EAST LOS ANGELES, Calif., Jan. 4, 2017 /PRNewswire/ -- Consejo de Latinos Unidos (CDLU), a Hispanic consumer advocacy group and public charity, ripped into Molina Healthcare of California for allegedly not paying Latino physicians their "enhanced payments" due to them from the Affordable Care Act, known as Obamacare.
In a stinging letter to the head of investigations of the Office of the Inspector General (OIG) of the U.S. Department of Health and Human Services, K.B. Forbes, the Executive Director of the Consejo wrote, "Economic racism cannot be tolerated. Molina appears to be engaged in grossly deceptive and egregious behavior. We ask for an unprecedented but immediate investigation of Molina's financial scheme of sitting on federal funds and underpaying Latino physicians and others."
Last Friday, renowned whistleblower attorney Brian Mahany, filed a class-action lawsuit on behalf of Dr. Manuel I. Figueroa, a physician who has practiced for over 50-years in the barrios of East Los Angeles, and whose only "enhanced payment" before April of 2016 from Molina was a mere $80.18. "Molina Health has pocketed millions of dollars belonging to hard working physicians. Ironically, the doctors who are serving the poorest and most vulnerable populations are the ones not getting paid," Mahany declared.
The Affordable Care Act allowed doctors performing certain medical services for low income patients under Medicaid (known as Medi-Cal in California) to be paid at same rate as those services if billed to Medicare. The two-year "enhanced payments" program operated between January 1, 2013 and December 31, 2014.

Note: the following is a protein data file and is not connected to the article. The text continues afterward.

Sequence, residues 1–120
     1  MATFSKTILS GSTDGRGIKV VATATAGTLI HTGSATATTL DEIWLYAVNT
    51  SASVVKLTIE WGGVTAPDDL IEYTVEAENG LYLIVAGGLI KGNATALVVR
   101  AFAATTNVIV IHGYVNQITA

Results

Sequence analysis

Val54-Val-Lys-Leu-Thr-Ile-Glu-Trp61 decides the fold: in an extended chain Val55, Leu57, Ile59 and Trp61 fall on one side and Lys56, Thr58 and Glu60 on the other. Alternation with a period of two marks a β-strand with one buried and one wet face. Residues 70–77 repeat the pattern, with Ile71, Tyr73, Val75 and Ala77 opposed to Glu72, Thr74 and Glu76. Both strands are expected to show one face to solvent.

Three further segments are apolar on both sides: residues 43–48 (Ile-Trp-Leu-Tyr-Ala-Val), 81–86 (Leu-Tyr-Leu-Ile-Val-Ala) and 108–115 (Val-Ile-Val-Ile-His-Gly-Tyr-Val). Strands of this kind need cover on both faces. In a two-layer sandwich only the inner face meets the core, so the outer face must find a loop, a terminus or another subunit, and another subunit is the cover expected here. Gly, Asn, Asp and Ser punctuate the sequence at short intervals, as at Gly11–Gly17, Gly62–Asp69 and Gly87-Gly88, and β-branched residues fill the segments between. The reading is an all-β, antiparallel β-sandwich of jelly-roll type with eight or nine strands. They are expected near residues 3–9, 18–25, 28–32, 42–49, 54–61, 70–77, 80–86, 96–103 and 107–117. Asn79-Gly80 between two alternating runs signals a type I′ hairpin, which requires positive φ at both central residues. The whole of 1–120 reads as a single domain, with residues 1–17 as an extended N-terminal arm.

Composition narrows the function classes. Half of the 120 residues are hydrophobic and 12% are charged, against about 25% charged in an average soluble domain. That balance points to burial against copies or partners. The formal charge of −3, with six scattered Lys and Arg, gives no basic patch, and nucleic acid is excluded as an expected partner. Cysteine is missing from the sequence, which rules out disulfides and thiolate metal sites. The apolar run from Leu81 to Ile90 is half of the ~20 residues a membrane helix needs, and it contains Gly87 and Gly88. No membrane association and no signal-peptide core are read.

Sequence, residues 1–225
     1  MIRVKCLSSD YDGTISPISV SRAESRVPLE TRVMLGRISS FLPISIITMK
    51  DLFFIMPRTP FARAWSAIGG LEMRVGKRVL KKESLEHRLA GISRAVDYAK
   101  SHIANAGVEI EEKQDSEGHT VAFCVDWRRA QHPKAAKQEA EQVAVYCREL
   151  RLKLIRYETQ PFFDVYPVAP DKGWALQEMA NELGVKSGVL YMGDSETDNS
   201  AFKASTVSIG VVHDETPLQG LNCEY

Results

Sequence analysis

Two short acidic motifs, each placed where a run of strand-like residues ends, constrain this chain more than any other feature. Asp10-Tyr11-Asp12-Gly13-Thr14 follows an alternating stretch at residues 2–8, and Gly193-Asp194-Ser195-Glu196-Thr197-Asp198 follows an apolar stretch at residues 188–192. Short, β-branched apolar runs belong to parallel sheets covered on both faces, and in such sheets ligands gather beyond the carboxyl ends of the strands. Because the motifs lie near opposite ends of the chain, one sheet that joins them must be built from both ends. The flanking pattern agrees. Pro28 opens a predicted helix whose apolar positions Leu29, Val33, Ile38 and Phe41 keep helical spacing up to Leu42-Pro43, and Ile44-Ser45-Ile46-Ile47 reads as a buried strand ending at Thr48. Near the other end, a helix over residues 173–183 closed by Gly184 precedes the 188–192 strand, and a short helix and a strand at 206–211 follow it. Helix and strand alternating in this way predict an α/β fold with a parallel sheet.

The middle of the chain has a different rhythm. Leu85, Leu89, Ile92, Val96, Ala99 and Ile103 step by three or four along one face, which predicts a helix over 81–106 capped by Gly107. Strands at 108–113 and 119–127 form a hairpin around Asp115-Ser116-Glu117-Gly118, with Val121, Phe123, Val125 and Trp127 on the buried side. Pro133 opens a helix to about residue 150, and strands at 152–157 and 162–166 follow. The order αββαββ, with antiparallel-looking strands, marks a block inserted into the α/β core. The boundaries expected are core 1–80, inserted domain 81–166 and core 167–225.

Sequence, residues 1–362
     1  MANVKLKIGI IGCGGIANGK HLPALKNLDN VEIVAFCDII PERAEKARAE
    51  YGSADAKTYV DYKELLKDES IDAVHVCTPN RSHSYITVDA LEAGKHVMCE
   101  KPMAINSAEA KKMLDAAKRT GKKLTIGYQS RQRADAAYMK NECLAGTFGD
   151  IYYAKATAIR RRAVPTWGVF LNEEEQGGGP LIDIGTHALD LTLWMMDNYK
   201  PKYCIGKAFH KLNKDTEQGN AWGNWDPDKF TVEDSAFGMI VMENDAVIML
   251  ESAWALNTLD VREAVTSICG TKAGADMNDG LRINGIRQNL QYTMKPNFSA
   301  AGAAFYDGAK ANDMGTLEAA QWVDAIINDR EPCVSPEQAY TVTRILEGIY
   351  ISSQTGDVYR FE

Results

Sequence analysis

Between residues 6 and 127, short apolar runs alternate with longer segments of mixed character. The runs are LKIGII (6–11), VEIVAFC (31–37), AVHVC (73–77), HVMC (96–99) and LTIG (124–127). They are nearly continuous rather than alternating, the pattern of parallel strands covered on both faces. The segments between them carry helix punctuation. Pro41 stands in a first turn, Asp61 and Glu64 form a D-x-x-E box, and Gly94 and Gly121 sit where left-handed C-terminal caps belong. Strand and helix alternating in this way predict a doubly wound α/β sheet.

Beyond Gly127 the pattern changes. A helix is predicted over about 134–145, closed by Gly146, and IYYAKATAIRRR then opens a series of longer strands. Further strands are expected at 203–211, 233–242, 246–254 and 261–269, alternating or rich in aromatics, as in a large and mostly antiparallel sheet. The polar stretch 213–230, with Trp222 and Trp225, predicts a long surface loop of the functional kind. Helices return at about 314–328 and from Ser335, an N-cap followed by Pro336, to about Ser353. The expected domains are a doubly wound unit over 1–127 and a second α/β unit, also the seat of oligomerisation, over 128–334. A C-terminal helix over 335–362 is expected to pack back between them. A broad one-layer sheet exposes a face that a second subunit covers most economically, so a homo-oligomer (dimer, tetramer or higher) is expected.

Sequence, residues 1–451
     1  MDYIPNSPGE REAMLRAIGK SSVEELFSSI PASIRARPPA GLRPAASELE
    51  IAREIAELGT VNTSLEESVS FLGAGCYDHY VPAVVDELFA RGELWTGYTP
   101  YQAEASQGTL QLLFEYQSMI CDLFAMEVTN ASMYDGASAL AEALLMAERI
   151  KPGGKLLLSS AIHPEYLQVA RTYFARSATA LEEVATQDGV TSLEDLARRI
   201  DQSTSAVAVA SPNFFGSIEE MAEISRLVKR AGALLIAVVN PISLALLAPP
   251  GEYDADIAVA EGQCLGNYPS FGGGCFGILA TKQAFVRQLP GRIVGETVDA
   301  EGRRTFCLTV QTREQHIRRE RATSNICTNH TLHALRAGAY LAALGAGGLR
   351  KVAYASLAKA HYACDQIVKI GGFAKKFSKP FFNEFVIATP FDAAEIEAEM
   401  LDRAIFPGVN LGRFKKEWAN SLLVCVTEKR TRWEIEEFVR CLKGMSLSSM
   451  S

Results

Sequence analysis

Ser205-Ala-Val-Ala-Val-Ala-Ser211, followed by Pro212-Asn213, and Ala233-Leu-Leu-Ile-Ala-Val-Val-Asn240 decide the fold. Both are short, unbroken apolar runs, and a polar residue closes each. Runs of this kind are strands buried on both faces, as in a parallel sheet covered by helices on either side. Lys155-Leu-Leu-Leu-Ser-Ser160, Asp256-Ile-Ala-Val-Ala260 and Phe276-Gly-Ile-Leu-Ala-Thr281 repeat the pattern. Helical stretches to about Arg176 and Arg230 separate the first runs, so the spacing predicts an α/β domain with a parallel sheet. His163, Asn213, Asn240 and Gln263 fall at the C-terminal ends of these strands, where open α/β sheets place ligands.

Hundreds or thousands of other doctors also may not have been properly paid by Molina. "With annual revenues of over $14 billion, Molina can easily afford to pay its providers what the law requires," Mahany remarked, adding, "Some doctors have been waiting since 2013 to get paid!"
"Consejo has been investigating these allegations since 2015, and working with Brian Mahany, we hope to obtain fair compensation with interest to these physicians," Forbes said. "We also hope a probe by the OIG will discourage other insurance companies from abusing providers financially," he added.
A decade ago, Consejo spurred three U.S. Congressional hearings and numerous national media stories on the issue of hospitals overcharging uninsured Latinos and others. After an appearance on CBS' 60 Minutes, Consejo brought the issue of hospital price gouging to an end when the American Hospital Association raised the white flag and called on their members to charge the uninsured no more than Medicare rates plus 25 percent.
K.B. Forbes 202.320.1212 text or call
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SOURCE Consejo de Latinos Unidos